Bilal immediately went to Sub District Hospital (SDH) in Gurez, and the injuries on his body were marked and certified by the doctor. Bilal then went straight to the local Police station with a complaint against the SDM. However, he says the police refused to entertain his complaint. The matter was brought to the notice of senior Superintendent of Police (SSP) of Bandipora, but that didn’t help either. 

“The Govt had claimed that after the abrogation of Article 370, the rights of people belonging to Scheduled Caste, Scheduled Tribes and other weaker sections of society would be protected. But on the ground, this hasn’t happened. The SC/ST (Prevention of Atrocities) Act is in force, and still, the police refused to register an FIR against the SDM. I went to the Sub Divisional Police Officer (SDPO) Gurez with a written application. I also went to SSP Bandipora, but I didn’t get justice. I was finally forced to move an application before the court through a public interest lawyer who travelled all the way from Srinagar to Bandipora to plead my case,” says Bilal. 

Judicial magistrate’s order

Most people in Bilal’s position would have given up the fight, but he says this was a fight to protect his self-esteem and the dignity of the tribal community he belongs to. Bilal, through his counsel, moved an application before the court.

In his order, the Judicial First Class Magistrate of Gurez said: “In the present case, prima facie, it seems that cognisable offences have been committed against the applicant but concerned SHO failed to register the FIR… SDPO Gurez is directed to register an FIR against the accused under the relevant provisions of the law in light of the instant application… and the investigation into the case shall be conducted by SDPO Gurez himself.”

While Bilal has got temporary relief from the court, the question he asks is why did he even have to knock on the doors of the judiciary to have his grievance redressed. Bilal’s counsel Badrul Dujja notes that racist and classist slurs were hurled at Bilal because he filed a grievance with the grievance cell of the LG office. “The SDM told him that it is only because of his tribal background that he is even a government official. He was told otherwise he was good for nothing. It is essential to mention that after Article 370 was abrogated, all the Central laws, including the SC/ST Prevention of Atrocities Act, apply in J&K, but the ground realities are different.”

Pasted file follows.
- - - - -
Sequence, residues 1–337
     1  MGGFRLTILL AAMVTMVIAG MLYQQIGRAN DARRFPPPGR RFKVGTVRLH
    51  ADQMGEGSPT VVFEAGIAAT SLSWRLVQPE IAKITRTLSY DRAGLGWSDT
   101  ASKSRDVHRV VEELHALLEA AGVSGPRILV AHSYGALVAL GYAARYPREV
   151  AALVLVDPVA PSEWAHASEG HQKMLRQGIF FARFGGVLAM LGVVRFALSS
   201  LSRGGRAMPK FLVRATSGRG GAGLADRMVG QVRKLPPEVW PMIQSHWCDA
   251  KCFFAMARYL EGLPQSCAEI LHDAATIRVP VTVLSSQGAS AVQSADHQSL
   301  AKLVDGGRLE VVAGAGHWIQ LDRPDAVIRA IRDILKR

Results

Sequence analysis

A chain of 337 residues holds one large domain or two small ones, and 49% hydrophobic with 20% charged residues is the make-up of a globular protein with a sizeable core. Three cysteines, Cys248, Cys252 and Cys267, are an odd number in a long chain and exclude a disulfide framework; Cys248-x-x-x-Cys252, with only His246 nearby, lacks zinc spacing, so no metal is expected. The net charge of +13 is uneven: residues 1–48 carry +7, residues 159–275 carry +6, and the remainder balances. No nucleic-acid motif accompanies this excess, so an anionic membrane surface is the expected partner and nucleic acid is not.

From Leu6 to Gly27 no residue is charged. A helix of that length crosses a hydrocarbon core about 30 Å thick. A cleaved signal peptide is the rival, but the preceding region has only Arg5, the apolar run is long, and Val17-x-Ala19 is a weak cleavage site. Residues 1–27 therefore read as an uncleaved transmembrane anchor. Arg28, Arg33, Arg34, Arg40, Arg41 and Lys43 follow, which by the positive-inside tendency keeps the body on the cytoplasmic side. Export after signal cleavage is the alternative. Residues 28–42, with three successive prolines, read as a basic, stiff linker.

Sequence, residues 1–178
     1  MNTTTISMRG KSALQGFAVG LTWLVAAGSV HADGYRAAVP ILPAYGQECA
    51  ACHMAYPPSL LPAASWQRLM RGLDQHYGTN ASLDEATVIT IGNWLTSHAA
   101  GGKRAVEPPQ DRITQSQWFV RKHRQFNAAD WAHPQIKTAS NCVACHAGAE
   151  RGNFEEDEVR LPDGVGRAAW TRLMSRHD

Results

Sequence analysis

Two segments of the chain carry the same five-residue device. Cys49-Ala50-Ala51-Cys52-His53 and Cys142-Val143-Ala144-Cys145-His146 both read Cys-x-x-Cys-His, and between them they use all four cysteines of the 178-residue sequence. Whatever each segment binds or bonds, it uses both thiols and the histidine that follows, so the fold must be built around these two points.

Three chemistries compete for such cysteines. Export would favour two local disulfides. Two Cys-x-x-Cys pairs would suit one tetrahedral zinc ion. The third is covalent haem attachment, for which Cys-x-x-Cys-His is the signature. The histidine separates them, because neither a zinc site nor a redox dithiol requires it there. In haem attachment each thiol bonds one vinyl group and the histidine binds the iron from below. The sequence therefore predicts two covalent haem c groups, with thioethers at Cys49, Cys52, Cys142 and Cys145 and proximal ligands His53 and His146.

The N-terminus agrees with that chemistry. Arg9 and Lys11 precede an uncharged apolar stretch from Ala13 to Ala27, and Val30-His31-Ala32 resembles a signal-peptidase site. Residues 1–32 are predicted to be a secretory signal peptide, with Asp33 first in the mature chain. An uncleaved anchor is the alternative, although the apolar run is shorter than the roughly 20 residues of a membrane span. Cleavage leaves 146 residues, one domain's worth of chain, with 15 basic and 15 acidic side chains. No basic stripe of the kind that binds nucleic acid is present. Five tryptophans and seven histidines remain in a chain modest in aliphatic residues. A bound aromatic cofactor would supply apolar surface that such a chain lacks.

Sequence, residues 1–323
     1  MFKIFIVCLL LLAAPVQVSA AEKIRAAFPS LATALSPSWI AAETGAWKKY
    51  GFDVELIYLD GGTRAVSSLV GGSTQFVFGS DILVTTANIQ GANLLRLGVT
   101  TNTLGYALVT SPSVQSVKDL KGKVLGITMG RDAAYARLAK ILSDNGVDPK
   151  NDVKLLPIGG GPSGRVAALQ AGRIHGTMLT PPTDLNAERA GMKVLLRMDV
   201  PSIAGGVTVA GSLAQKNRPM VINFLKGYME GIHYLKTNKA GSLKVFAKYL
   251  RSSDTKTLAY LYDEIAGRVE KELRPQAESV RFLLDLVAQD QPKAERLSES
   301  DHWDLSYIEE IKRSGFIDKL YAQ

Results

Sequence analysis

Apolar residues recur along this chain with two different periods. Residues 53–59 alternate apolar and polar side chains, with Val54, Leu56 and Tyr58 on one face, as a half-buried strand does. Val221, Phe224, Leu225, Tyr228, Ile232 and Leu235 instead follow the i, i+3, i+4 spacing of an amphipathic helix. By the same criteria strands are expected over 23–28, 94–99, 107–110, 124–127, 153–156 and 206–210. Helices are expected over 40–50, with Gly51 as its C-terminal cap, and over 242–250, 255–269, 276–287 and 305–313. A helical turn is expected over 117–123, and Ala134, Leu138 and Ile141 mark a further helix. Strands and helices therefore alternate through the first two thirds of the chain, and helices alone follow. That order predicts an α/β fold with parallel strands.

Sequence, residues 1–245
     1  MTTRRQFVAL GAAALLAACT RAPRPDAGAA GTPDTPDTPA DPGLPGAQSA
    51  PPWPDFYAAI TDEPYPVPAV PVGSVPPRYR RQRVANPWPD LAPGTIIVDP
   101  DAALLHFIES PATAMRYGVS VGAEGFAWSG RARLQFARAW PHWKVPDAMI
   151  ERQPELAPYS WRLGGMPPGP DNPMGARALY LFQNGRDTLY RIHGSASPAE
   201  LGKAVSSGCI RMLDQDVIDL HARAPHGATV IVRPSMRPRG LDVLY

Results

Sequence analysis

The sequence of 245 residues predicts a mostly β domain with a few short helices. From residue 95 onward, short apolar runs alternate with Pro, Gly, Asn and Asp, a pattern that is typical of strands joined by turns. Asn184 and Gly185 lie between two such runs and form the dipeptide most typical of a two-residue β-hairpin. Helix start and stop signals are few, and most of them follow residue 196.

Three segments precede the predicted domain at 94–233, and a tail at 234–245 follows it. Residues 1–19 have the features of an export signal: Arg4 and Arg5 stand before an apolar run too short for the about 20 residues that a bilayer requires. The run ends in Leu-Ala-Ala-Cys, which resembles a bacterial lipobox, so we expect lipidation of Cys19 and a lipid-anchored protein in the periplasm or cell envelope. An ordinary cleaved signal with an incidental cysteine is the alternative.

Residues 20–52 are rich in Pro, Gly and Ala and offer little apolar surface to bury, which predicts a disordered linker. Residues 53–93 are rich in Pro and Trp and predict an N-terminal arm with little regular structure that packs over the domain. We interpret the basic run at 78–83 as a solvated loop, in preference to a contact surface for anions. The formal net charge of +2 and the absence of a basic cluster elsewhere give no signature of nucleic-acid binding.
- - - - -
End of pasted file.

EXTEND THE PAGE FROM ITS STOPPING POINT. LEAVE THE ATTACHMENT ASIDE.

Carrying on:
The SC/ST (Prevention of Atrocities) Act, 1989 was enacted to prevent atrocities against members of the Scheduled Castes and Scheduled Tribes community. The law also prescribes comprehensive measures for the protection, welfare and rehabilitation of the victims of atrocities. 

Section 14 of the Act states that Special Courts have to be set up by state governments to provide for speedy trials of cases, but these courts have still not come up in J&K. While Bilal is now hopeful that he will get justice and law will take its due course, that is unfortunately not the case for many other victims of atrocities.

“I had the grit and determination to fight all the way, but how many of us can afford to do this? There is no substitute to implementation of the law, and judiciary should never be the first but only the last resort,” asserts Bilal.